Biden opts for five-year extension of New START nuclear treaty with Russia
President Biden will seek a five-year extension of the New START nuclear arms control pact with Russia before it expires on Feb. 5, senior officials told the Washington Post.
Why it matters: The 2010 treaty is the last remaining constraint on the arsenals of the world's two nuclear superpowers, limiting the number of deployed nuclear warheads and the bombers, missiles and submarines which can deliver them.
- Russia has already expressed support for five-year extension — a simple process that only requires an exchange of diplomatic notes.
- Biden has long supported an extension, but his administration hadn't previously committed to the five-year timeframe.
The other side: The Trump administration was skeptical of New START, arguing that it had allowed Russia to build up advanced nuclear systems that aren't constrained by the treaty.
- Trump's arms control envoy, Marshall Billingslea, had also insisted that China be brought into the arms control process.
- Billingslea attempted to negotiate a shorter-term extension of New START, paired with a freeze on all nuclear warheads and a commitment to broaden future talks to include other nuclear powers. That deal never came together.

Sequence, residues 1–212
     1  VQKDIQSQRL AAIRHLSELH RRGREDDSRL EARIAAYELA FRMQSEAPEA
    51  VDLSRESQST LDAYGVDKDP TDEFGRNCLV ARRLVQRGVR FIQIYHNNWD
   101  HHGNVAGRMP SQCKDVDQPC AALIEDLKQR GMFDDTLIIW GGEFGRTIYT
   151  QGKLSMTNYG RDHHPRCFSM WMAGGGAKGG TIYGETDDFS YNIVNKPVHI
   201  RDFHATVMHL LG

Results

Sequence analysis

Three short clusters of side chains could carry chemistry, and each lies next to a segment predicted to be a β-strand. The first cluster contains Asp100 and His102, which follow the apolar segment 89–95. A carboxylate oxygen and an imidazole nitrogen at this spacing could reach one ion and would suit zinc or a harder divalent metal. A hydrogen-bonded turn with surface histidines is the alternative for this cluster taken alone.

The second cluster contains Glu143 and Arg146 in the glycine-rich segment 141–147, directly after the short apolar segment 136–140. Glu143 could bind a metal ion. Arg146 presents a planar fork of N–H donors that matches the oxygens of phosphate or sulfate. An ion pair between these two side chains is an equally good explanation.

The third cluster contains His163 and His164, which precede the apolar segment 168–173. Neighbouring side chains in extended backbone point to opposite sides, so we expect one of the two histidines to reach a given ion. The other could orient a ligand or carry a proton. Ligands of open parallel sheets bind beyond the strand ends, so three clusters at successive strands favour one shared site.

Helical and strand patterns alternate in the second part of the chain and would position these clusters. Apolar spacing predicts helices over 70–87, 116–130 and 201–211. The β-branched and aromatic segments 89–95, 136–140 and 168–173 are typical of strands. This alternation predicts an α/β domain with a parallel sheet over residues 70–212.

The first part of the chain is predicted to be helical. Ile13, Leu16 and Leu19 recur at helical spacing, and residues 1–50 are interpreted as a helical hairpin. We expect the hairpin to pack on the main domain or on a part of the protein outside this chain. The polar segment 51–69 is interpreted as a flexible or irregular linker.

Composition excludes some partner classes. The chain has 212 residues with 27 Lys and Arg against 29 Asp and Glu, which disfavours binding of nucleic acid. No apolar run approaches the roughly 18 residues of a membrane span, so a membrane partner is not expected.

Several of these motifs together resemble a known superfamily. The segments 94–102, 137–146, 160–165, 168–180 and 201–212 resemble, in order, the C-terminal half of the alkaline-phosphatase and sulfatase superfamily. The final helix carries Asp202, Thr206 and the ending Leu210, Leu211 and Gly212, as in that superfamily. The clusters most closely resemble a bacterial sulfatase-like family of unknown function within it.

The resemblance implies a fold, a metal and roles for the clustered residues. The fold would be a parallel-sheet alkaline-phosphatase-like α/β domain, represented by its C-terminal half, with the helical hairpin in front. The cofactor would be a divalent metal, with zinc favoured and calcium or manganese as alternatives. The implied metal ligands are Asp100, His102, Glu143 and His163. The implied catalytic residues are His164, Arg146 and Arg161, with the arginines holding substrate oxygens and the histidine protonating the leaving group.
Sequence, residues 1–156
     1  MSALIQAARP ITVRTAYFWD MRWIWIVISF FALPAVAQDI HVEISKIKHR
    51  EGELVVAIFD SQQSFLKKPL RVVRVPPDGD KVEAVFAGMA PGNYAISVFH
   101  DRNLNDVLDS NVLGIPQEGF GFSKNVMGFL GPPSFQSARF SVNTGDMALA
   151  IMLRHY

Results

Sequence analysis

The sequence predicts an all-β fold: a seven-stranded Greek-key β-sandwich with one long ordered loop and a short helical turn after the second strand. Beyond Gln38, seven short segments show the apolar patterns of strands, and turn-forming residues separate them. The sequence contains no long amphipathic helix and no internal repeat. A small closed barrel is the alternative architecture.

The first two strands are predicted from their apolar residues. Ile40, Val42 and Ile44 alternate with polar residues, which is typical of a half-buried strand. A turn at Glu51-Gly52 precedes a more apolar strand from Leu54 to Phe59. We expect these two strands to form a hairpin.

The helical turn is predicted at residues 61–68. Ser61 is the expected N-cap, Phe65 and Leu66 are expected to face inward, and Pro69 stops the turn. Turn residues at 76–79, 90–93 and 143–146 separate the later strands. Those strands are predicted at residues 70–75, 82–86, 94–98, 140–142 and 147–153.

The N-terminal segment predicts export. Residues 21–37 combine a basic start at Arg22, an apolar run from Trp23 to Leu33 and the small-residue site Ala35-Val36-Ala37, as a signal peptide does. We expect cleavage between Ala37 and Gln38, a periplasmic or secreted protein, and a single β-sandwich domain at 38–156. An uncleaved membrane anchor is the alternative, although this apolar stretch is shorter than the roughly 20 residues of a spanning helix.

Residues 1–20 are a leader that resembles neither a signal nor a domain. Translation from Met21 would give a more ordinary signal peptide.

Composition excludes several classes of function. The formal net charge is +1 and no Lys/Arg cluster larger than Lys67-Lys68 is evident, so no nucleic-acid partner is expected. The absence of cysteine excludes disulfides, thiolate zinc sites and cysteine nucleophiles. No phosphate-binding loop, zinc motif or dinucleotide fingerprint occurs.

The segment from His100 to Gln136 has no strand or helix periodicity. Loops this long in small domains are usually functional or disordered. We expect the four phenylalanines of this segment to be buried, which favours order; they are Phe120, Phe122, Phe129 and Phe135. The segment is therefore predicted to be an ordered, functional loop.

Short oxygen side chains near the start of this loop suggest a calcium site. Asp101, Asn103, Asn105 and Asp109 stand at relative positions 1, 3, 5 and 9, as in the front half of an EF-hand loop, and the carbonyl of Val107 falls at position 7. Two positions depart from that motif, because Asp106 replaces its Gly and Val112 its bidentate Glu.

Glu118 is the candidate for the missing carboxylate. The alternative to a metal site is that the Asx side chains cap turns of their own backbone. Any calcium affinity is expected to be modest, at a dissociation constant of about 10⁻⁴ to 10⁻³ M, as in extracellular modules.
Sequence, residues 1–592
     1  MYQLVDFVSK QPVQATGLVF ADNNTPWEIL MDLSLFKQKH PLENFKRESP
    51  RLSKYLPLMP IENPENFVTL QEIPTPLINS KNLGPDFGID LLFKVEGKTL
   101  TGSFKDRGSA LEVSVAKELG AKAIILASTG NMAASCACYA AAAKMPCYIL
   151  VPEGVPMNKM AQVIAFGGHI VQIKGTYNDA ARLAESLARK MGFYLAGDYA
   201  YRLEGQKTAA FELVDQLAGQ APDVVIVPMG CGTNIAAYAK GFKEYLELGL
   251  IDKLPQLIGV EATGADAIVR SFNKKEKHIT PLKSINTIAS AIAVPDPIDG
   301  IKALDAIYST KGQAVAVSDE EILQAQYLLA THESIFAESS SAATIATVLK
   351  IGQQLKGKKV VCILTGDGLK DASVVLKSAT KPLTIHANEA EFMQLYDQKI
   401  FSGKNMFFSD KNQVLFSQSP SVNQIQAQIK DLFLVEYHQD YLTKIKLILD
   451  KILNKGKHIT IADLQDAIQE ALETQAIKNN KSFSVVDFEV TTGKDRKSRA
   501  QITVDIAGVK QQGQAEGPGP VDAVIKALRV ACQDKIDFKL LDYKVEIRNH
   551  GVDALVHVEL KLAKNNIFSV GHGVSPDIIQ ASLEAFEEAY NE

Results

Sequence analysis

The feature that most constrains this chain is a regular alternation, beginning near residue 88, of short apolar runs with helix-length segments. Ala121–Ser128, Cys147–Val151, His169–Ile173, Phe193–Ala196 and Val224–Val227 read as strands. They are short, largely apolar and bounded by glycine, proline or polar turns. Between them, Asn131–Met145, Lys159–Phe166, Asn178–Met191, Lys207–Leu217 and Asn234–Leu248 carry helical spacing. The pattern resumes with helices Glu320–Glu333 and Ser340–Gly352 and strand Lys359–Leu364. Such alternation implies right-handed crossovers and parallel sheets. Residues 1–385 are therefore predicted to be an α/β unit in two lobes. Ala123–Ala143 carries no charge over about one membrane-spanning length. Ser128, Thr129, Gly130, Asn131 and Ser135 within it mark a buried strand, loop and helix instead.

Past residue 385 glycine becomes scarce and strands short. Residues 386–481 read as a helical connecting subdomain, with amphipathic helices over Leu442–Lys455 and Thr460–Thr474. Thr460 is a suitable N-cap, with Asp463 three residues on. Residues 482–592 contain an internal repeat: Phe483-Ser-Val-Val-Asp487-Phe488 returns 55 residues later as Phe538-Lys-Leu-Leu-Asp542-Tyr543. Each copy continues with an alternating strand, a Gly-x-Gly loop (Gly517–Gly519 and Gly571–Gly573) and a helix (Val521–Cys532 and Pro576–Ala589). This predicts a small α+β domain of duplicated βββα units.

The big picture: The Biden administration argues that the U.S. is better off pursuing discussions on the future of arms control — and confrontation with Russia on other issues — with the New START guardrails in place.
- Officials told the Post that Biden is ruling out a "reset" with Russia, which the Obama administration had initially opted for, in light of the Kremlin's "reckless and aggressive actions" in recent years.
- The officials said Biden will ask newly confirmed Director of National Intelligence Avril Haines to provide him with full intelligence assessments on Russia's alleged interference in the 2020 election, poisoning of opposition leader Alexey Navalny, bounties on U.S. troops in Afghanistan, and hacking of U.S. federal agencies.